A new report, funded in part by British trade group UKIE, argues that creative industries, including game development, are are actually less risky than other sectors of the economy, despite appearances.
"The popular image is that creative geniuses – whether computer programmers, writers, designers or musicians – are preoccupied by their art rather than the mechanics of their business, which implies that they are a high-risk option for creditors and investors," the report [PDF
However, data from the Office for National Statistics goes against this perception, showing creative businesses are slightly less likely to fail than those in the rest of economy over a five year period.
49.7 percent of all creative businesses in the report were still operating 5 years after their founding, compared to 46.9 percent of businesses overall. In computer game and software development specifically, 48.7 percent survived for five years, beating the national average for all companies.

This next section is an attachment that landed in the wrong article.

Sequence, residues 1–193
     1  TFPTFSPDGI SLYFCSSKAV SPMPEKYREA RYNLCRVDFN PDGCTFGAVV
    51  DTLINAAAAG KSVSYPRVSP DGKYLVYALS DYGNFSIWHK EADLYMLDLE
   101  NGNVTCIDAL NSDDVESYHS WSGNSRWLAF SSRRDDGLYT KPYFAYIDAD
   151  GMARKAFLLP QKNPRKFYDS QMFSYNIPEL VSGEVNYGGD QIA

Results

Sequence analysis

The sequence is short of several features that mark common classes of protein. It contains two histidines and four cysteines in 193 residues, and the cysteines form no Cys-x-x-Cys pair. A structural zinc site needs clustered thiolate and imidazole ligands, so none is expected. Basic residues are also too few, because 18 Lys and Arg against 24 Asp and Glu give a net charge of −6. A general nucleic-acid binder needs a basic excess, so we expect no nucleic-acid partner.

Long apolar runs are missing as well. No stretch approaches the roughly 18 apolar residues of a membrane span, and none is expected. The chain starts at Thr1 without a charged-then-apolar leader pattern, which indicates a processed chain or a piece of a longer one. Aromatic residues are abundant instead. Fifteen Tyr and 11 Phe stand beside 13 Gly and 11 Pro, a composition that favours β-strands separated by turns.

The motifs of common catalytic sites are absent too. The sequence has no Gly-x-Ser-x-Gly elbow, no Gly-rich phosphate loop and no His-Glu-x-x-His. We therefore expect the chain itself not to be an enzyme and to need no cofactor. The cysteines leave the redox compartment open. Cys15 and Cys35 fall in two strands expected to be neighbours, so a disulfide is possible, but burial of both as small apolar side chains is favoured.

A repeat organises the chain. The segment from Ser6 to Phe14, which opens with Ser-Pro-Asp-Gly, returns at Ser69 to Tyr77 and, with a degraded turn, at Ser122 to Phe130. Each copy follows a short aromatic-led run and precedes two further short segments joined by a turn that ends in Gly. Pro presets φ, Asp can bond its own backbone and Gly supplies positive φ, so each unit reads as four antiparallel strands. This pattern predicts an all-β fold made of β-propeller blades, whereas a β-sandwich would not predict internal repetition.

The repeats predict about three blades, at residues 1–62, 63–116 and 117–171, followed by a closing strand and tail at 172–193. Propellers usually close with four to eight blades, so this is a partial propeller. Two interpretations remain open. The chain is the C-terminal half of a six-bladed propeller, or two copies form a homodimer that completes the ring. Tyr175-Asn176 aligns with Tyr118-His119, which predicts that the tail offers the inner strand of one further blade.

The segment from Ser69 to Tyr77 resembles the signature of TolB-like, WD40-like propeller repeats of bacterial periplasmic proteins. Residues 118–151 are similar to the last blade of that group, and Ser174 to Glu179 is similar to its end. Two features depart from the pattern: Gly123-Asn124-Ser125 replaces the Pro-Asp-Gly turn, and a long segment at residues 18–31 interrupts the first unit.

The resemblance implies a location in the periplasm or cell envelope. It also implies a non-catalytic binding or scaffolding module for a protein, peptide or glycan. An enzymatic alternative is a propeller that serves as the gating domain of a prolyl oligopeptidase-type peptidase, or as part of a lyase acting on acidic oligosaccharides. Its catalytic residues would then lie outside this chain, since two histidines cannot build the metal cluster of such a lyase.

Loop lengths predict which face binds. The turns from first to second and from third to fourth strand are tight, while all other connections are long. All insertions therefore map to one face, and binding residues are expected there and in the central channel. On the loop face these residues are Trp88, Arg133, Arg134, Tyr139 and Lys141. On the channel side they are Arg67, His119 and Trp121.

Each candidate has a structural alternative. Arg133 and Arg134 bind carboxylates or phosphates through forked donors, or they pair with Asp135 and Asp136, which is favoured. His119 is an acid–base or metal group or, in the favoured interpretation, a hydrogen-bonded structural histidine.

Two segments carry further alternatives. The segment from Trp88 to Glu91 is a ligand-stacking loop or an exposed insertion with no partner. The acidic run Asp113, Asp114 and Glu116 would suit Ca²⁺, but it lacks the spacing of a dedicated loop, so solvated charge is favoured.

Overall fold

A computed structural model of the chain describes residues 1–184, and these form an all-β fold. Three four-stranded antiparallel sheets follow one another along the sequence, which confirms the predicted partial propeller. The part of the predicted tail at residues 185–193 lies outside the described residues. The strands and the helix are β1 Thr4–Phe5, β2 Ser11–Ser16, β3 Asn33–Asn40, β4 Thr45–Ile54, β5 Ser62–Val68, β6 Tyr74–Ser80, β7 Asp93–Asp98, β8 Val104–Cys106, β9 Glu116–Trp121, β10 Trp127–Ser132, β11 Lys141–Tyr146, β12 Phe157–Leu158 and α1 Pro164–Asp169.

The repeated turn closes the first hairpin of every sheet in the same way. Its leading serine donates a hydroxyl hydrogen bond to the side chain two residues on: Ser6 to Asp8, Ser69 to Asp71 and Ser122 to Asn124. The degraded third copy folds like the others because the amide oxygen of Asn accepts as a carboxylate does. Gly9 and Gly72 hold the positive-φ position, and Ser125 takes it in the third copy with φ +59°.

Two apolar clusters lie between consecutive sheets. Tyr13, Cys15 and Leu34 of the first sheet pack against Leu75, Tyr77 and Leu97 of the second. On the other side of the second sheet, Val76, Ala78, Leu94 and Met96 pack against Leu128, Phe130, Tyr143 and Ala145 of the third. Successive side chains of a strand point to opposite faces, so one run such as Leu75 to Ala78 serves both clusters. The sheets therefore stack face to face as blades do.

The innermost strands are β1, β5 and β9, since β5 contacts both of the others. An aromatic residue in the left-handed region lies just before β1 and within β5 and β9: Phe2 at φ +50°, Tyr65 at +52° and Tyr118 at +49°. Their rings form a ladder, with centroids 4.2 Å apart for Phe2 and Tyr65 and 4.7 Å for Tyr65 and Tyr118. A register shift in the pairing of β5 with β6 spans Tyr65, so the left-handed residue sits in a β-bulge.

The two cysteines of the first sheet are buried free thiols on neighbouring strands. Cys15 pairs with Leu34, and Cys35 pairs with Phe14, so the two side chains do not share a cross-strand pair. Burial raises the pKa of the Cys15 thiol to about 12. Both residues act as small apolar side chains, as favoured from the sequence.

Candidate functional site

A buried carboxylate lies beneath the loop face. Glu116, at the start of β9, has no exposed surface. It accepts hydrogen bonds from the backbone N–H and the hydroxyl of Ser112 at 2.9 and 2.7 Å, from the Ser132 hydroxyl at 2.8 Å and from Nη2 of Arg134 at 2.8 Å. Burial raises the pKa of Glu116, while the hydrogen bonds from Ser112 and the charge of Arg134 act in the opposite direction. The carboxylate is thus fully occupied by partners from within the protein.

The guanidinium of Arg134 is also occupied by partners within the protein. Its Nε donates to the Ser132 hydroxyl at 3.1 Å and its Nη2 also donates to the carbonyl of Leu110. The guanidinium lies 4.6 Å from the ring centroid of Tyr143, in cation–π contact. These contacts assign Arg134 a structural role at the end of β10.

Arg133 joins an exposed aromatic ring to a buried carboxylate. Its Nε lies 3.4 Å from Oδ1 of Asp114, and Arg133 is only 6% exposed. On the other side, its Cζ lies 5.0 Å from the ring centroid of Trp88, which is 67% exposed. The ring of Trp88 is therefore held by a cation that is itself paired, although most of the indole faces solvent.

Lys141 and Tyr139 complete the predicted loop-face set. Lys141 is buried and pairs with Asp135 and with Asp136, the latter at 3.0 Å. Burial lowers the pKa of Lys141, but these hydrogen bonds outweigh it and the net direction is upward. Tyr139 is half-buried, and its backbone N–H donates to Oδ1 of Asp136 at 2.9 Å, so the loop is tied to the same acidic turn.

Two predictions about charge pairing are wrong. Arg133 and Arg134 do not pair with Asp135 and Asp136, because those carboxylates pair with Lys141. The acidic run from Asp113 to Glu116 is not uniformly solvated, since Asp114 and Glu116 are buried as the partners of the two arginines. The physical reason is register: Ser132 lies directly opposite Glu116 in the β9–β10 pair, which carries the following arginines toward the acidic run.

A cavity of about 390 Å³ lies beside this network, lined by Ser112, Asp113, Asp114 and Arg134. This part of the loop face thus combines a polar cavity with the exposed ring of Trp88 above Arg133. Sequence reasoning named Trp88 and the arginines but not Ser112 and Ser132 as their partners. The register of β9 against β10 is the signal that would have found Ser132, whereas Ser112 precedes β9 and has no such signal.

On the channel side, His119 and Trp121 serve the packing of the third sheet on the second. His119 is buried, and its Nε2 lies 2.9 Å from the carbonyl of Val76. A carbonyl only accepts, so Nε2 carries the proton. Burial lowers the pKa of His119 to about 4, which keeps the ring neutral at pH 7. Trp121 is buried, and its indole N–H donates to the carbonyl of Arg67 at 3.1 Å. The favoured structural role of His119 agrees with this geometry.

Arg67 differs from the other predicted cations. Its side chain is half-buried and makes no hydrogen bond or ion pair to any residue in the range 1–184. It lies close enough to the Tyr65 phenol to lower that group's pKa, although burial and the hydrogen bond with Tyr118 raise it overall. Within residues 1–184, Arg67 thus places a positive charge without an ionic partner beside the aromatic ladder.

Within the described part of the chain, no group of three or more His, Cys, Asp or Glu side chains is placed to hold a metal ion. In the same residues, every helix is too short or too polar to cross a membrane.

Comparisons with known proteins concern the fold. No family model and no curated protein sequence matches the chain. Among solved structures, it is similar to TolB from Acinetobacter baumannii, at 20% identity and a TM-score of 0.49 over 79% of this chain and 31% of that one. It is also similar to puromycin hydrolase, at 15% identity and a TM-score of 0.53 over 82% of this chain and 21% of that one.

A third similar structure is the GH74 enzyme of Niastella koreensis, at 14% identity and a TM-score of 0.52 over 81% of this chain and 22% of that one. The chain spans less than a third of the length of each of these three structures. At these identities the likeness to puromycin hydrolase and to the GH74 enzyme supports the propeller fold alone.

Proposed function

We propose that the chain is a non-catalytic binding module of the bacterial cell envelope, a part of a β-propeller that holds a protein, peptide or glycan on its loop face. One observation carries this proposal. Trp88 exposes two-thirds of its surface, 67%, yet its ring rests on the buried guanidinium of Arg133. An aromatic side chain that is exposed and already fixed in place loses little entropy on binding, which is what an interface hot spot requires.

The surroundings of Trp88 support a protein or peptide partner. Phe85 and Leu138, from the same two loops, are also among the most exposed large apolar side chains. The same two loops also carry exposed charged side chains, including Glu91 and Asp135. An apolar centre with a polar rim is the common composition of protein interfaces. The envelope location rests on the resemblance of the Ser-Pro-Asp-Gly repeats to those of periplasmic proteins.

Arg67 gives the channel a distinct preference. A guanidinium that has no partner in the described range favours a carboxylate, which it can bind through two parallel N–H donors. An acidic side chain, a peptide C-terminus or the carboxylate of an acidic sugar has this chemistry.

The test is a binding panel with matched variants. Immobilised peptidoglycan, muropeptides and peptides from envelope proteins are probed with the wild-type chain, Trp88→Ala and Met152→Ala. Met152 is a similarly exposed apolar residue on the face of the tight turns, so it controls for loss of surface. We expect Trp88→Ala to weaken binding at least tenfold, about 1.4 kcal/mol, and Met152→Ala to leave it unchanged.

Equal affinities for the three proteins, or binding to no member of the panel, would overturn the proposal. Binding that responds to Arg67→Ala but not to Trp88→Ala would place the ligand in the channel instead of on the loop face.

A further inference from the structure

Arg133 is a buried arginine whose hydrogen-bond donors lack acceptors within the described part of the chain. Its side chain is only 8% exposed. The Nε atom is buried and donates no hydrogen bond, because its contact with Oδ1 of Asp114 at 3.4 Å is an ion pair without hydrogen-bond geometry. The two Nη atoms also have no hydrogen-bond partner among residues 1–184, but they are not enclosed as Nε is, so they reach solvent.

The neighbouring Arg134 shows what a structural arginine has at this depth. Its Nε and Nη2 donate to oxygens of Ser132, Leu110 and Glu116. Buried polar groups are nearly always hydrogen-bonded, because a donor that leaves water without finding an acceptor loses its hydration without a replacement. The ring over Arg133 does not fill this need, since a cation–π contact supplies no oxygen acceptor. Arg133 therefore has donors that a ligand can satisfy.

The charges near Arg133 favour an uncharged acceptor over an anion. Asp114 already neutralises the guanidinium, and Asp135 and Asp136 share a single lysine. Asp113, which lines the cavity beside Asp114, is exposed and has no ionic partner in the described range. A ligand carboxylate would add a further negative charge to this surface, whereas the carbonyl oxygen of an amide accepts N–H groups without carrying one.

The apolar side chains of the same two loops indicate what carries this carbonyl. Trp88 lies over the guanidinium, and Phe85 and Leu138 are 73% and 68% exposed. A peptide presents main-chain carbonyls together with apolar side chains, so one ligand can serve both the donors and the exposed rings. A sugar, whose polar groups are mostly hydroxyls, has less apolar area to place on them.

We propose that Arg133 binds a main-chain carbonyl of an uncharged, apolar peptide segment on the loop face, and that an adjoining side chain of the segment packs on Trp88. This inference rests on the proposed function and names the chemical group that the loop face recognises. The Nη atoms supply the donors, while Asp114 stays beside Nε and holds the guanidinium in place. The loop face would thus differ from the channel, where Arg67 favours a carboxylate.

While creative industries saw more company deaths than any other sector during the 2003-2009 period, with the rate increasing heavily near the end of the decade, on a percentage basis their success rate was squarely in the middle on the pack.
Within the creative industries in the UK, software and game publishing was by far the largest source of both company creation and company destruction during the last decade. Roughly 10 percent of all such companies were killed off each year, a rate comparable to other creative industries.
"If risk is a function of business survival, creative businesses are not actually riskier than other businesses," the report says. "Overall the data suggest that the perception that businesses
in the creative industries are riskier than other businesses is a myth."
The British Fashion Council, the Producers Alliance for Cinema and Television, the UK Fashion and Textile Association, and the UK Music and the Association also helped fund the report.